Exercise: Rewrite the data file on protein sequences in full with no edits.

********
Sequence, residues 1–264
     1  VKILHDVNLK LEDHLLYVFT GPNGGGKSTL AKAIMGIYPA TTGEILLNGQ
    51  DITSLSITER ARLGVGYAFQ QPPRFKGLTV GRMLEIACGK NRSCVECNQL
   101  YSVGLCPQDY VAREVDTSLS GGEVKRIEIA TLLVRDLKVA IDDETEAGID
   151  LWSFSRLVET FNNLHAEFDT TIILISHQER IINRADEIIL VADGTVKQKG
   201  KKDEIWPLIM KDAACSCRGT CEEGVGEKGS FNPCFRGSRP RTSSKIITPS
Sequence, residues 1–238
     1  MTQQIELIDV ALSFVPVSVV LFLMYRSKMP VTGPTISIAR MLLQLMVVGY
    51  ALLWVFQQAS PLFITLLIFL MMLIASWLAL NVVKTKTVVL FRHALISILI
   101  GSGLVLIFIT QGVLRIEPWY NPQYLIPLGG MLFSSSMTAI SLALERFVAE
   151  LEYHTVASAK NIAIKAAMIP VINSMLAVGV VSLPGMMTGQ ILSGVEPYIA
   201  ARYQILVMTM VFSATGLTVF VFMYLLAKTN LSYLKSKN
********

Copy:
Sequence, residues 1–264
     1  VKILHDVNLK LEDHLLYVFT GPNGGGKSTL AKAIMGIYPA TTGEILLNGQ
    51  DITSLSITER ARLGVGYAFQ QPPRFKGLTV GRMLEIACGK NRSCVECNQL
   101  YSVGLCPQDY VAREVDTSLS GGEVKRIEIA TLLVRDLKVA IDDETEAGID
   151  LWSFSRLVET FNNLHAEFDT TIILISHQER IINRADEIIL VADGTVKQKG
   201  KKDEIWPLIM KDAACSCRGT CEEGVGEKGS FNPCFRGSRP RTSSKIITPS
Sequence, residues 1–238
     1  MTQQIELIDV ALSFVPVSVV LFLMYRSKMP VTGPTISIAR MLLQLMVVGY
    51  ALLWVFQQAS PLFITLLIFL MMLIASWLAL NVVKTKTVVL FRHALISILI
   101  GSGLVLIFIT QGVLRIEPWY NPQYLIPLGG MLFSSSMTAI SLALERFVAE
   151  LEYHTVASAK NIAIKAAMIP VINSMLAVGV VSLPGMMTGQ ILSGVEPYIA
   201  ARYQILVMTM VFSATGLTVF VFMYLLAKTN LSYLKSKN